Golf tournament ends with cops, controversy, possible fistfight
After 11 holes of the finals of the Florida State Golf Association’s Mid-Amateur Championship, held at the Coral Creek Club in Placida, Marc Dull began his comeback from two down to Jeff Golden. Dull squared the match at the 16th hole, and rains then delayed the match. When the skies cleared, Golden was unable to continue as a result of an “unfortunate injury,” and Dull won by default.
Nice story, but there’s an awful lot apparently left unsaid. Stick with us here; this gets deep into he-said/he-said.
Golf Channel obtained a police report which indicated that Golden claimed he’d been assaulted in the parking lot during the rain delay. More to the point, Golden claimed that Dull’s caddie, Brandon Hibbs, punched him in the face.
At issue, according to Golden, was a rules dispute on the ninth hole. Golden was about to putt, and he asked Dull about the condition of the edge of the hole.
“Don’t worry about it,” Hibbs allegedly told Golden. “If you’re going to make it, you’re going around it.”
Golden then told a rules official that what Hibbs did constituted “advice,” and the result was a loss of the hole for Dull. That gave Golden a two-hole advantage.
Hibbs apparently then went to the clubhouse while Golden and Dull played on. When the rains rolled in, the players headed back to the clubhouse as well. When Golden went to the parking lot to get some dry clothes, he claimed to police that Hibbs “approached him, apologized, then punched him on the left side of the face.” Golden told Golf Channel he believed Hibbs was angry about the ruling.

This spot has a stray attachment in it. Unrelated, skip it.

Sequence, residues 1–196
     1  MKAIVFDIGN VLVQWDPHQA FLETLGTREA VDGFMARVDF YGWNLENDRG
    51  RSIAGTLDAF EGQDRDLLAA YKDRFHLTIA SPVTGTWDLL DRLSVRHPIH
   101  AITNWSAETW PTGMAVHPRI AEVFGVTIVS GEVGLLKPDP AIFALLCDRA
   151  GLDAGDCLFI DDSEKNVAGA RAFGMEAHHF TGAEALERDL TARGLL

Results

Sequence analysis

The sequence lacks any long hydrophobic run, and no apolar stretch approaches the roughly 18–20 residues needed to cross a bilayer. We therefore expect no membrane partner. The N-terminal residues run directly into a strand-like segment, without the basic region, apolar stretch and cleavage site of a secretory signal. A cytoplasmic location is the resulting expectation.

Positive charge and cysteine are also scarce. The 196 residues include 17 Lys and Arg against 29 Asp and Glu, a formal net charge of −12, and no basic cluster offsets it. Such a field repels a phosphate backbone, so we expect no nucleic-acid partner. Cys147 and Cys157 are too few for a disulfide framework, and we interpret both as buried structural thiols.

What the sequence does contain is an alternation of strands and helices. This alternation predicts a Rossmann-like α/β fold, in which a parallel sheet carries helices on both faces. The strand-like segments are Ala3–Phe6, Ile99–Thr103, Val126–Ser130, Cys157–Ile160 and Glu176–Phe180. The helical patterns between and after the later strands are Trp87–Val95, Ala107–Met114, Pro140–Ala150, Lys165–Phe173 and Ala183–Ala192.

But Hibbs countered that he had remained in the clubhouse the entire time and didn’t hit Golden. There were no witnesses and no surveillance footage that backed Golden’s story. Police found no damage to Golden’s face or Hibbs’ hands, but there was “some redness on the inside of [Golden’s] lip.”
Golden claimed to have suffered “concussion symptoms,” and said he “was extremely shaken up.”
After a two-hour delay, the players were sent back to the course. It was at this point that Golden asked Dull if he was going to concede. “I said that I wasn’t going to concede,” Dull told Golf Channel. “Why would I concede the match when I was sitting in the shelter, and when I come back someone is accused of being hit?” So Golden then decided to concede, giving the match to Dull.
Golden appealed the FSGA’s decision, saying that tournament officials should not have accepted his concession. But FSGA officials said that since police found no evidence of any kind of assault taking place, there were no grounds to change the outcome of the tournament.
The moral of the story: golf’s rules are infuriating, but fighting over them is even worse.
Jay Busbee is a writer for Yahoo Sports. Contact him at email@example.com or find him on Twitter or on Facebook.
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